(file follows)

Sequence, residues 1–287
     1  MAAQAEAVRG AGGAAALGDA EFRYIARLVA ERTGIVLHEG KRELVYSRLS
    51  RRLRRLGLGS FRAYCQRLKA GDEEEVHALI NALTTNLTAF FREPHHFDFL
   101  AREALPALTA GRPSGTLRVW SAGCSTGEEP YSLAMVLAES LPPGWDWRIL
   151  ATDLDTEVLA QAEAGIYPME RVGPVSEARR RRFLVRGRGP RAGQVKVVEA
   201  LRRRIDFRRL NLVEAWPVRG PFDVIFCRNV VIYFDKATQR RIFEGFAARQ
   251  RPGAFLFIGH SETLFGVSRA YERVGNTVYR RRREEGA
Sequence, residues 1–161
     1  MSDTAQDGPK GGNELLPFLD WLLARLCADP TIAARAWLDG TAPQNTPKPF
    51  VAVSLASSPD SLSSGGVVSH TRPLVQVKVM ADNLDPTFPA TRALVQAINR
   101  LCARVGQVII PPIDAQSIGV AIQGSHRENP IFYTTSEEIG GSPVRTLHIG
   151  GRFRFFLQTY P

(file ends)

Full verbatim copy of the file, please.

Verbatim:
Sequence, residues 1–287
     1  MAAQAEAVRG AGGAAALGDA EFRYIARLVA ERTGIVLHEG KRELVYSRLS
    51  RRLRRLGLGS FRAYCQRLKA GDEEEVHALI NALTTNLTAF FREPHHFDFL
   101  AREALPALTA GRPSGTLRVW SAGCSTGEEP YSLAMVLAES LPPGWDWRIL
   151  ATDLDTEVLA QAEAGIYPME RVGPVSEARR RRFLVRGRGP RAGQVKVVEA
   201  LRRRIDFRRL NLVEAWPVRG PFDVIFCRNV VIYFDKATQR RIFEGFAARQ
   251  RPGAFLFIGH SETLFGVSRA YERVGNTVYR RRREEGA
Sequence, residues 1–161
     1  MSDTAQDGPK GGNELLPFLD WLLARLCADP TIAARAWLDG TAPQNTPKPF
    51  VAVSLASSPD SLSSGGVVSH TRPLVQVKVM ADNLDPTFPA TRALVQAINR
   101  LCARVGQVII PPIDAQSIGV AIQGSHRENP IFYTTSEEIG GSPVRTLHIG
   151  GRFRFFLQTY P